Kaboom kaboom. That’s what an international team of astronomers saw when they tracked the death of one of the most massive stars that can exist.
Japanese supernova hunter, Koichi Itagaki, first discovered an exploding star in the galaxy UGC4904 back in 2004. It flared briefly and then faded away over the course of 10 days. Two years later, he discovered another supernova in exactly the same location.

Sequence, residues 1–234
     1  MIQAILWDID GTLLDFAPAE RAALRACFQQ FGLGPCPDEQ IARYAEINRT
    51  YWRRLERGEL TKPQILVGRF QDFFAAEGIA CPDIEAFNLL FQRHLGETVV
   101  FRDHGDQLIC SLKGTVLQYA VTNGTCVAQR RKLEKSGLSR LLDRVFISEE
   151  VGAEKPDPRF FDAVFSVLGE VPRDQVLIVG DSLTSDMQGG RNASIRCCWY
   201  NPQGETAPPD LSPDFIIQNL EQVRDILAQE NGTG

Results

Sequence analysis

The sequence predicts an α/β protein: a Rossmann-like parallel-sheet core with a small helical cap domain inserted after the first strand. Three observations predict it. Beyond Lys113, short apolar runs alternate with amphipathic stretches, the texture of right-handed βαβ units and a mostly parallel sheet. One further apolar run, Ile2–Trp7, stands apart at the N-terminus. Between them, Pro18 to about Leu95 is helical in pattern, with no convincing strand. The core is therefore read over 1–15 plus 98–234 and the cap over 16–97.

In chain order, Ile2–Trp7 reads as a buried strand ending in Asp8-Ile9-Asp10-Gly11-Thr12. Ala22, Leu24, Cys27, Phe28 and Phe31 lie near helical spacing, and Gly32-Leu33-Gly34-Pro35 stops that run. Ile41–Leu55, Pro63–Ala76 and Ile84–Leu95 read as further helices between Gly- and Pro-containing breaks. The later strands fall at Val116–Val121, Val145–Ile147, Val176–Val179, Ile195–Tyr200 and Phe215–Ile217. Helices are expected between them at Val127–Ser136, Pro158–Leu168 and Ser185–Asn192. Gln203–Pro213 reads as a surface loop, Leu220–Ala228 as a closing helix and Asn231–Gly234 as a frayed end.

Subsequent observations with larger telescopes confirmed that the supernova, named SN2006jc, did indeed happen at exactly the same location as the previous detonation. The 2004 event must have just been a large outburst, similar to what was seen on Eta-Carinae back in the 1850s.
The researchers think this kind of event could actually be more common than previously believed. A new survey called Pan-STARRS may check up on previous supernova events to see if there’s any new activity.
Original Source: Queen’s University Belfast News Release